As educators, you’re committed to ensuring your students succeed. As we find ourselves going through the daily motions, we often forget about the bigger picture: to help all students prepare for the next grade and beyond.
Research shows that motivation is an orientation toward learning and is the determining factor in the likelihood of a student pursuing a task or forgoing it. We’ve learned that keeping it simple leads to the most success!
Let’s discuss four ways to foster student motivation:
1. Positive reinforcement
2. Appropriately challenging tasks
3. Mastery-focused goals
4. Opportunities for success
Positive reinforcement in the classroom is a powerful tool for helping students to achieve certain behaviors. Celebrating achievements reinforces to students that reproducing those good outcomes leads to more good outcomes. Students are motivated because exploration and learning are celebrated and encouraged. The best outcome is that students develop self-agency. They complete tasks successfully because they are self-motivated and enjoy the feeling of personal achievement.
The key is timely, consistent, and meaningful reinforcement during a student’s learning journey. If you’re using an instructional software program with your students, ensure it provides students with a clear insight into how they are performing. By celebrating with students when they achieve the desired mastery they will be motivated to achieve that mastery going forward. When they don’t, they are more motivated to keep trying. Classworks provides students the opportunity to re-do an activity if they feel they haven’t done their best, giving them ownership over their learning.
Unsure of what to say to encourage students? A “Good Job!” can go a long way, but adding some flair that’s specific to you and the student makes their accomplishments even sweeter.
Appropriately Challenging Tasks
Often, students who are struggling in school feel discouraged and frustrated leading to low confidence. However, when they work on appropriately challenging tasks and receive positive feedback for their efforts they will remember how it made them feel and seek that feeling again and again.
It can be difficult to provide students with exactly what they are ready to learn if you have a large classroom of students with diverse needs. This is where instructional technology is particularly impactful. For example, Classworks provides every student with an individualized learning path based on their latest assessment results. Students are always working on instruction that is challenging but at the level they are ready to learn. They receive insight into their scores immediately and the ability to redo activities if they feel they didn’t do their best. This structure supports the concept of flow theory, which explains how when a student gets in the rhythm of working, few things will interrupt their learning when engaging in the right level of instruction. It’s finding the sweet spot of learning and exploring that builds on intrinsic motivation.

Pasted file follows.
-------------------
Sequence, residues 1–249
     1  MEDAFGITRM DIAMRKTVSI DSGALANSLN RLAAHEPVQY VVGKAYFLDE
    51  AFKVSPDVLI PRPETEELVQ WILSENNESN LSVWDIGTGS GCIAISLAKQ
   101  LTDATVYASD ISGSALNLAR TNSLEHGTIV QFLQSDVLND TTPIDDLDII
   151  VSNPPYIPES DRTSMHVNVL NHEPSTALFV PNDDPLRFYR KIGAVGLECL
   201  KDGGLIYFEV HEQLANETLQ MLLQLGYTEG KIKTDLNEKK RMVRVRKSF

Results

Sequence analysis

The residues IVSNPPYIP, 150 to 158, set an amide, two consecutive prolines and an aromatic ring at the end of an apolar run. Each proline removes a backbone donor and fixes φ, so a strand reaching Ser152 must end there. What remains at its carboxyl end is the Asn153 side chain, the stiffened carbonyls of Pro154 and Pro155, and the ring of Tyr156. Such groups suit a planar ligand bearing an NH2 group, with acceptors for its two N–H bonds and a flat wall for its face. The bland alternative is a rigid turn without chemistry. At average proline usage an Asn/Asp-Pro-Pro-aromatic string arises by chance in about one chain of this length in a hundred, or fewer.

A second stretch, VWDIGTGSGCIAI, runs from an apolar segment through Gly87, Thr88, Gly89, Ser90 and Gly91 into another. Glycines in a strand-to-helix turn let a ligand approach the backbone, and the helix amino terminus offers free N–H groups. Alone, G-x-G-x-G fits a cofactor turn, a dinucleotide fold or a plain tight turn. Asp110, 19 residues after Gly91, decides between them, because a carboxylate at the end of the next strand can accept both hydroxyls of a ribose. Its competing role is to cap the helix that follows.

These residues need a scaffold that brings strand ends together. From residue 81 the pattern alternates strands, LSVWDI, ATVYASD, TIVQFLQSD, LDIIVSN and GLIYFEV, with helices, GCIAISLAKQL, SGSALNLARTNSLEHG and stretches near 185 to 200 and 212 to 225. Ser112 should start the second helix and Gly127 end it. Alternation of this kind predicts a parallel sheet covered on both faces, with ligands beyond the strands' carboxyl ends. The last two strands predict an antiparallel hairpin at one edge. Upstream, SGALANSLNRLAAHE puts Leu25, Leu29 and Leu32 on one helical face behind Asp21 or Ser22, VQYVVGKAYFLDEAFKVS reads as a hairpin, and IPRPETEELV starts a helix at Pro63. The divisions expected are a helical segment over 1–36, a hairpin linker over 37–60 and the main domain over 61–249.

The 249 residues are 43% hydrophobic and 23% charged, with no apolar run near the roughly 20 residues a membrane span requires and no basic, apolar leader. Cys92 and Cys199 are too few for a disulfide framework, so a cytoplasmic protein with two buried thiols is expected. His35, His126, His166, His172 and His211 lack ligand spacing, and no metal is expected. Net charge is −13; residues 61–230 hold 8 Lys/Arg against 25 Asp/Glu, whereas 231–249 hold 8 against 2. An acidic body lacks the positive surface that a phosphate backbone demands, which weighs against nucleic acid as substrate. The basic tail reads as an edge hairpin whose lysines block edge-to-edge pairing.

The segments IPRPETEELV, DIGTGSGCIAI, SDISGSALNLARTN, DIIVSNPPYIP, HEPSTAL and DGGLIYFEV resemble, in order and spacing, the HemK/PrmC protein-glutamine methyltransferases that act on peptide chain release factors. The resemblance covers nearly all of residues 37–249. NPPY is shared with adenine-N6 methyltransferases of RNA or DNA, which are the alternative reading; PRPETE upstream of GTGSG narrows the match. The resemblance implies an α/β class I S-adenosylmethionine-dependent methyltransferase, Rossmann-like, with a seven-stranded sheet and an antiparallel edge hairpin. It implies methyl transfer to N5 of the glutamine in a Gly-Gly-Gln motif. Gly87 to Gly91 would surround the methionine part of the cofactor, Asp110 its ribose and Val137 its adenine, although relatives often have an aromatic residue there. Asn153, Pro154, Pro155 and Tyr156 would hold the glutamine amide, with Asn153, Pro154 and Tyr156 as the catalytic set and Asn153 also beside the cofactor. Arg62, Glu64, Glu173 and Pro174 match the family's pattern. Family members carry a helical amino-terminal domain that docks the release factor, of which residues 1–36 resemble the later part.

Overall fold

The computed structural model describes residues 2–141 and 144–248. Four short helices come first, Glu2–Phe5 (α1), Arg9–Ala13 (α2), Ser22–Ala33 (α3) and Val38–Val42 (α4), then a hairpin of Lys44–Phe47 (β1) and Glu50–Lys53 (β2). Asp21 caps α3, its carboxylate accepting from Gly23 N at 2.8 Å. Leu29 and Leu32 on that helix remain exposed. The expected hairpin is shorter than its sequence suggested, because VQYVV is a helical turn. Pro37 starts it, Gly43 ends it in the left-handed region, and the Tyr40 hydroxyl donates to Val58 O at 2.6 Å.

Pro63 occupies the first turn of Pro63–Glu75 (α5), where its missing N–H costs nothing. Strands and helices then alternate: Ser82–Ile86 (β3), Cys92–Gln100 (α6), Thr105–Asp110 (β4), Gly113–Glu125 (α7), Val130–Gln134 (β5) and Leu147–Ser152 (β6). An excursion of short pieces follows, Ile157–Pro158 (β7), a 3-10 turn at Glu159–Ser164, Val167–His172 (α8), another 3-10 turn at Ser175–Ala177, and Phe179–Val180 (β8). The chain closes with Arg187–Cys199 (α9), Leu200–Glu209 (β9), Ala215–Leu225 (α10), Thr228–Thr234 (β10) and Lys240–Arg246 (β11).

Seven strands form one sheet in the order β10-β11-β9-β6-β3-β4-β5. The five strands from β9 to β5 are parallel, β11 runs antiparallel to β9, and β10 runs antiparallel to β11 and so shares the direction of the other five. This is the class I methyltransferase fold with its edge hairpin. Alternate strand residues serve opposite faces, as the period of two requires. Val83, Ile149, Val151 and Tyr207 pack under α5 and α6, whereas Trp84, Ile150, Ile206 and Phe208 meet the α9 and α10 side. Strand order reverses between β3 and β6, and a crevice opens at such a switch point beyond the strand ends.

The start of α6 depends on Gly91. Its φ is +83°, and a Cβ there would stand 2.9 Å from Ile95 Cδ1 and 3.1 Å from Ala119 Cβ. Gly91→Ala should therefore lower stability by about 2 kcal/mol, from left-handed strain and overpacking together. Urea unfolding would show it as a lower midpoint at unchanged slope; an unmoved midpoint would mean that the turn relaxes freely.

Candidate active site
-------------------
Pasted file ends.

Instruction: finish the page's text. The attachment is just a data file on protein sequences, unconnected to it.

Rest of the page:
Mastery Focused Goals
Students want to be successful. To do so, we often have to set small stepping stones of achievements to be able to accomplish bigger ones. For instance, if a student is trying to close foundational learning gaps they may be working several grades below in some domains. Mastery is mastery though, no matter the learning gap. It’s important to foster a classroom that offers a safe learning environment focused on mastery of appropriately challenging work - start with a fun and inspiring bulletin board.
Use goal setting to motivate students and help them with accountability. Classworks has a SMART Goal Tracker to support students' academic goals. When creating goals, start small and meet students where they are. Remember that we want to create new and more frequent memories of successes and celebrations. Perhaps the larger goal is to achieve 80% mastery overall and spend 90 minutes per month on their individualized instruction. However, It may take smaller, incremental goals first.
Opportunities for Success
Offering students the opportunity to redo activities with low mastery reinforces self-awareness and ownership. More opportunities for success teach students resiliency. Students can step away, process, and come back with a refreshed perspective or a new strategy and try again. This encourages learning rather than focusing on the “bad” grade. Students feel proud of the strides they’re making and relates to the achievement goal theory where students are focusing on what they’re accomplishing and mastering versus the individual completed tasks. In Classworks, students can clearly see their scores and have the opportunity to redo activities once if they aren’t happy with their score.
The benefits of motivating students are clear. Their confidence and performance are positively impacted! Here are 100 ideas for motivation and incentives to get you started!
Speaking of motivating, don't forget about the Classworks All-Star Contest, where we celebrate the students with the highest time-on-task and mastery. We also just added some nifty new ideas to our bulletin board kit that will add some creative flair to your classroom! For more specific ideas on how to build incentive programs chat with us at classworks.com or email firstname.lastname@example.org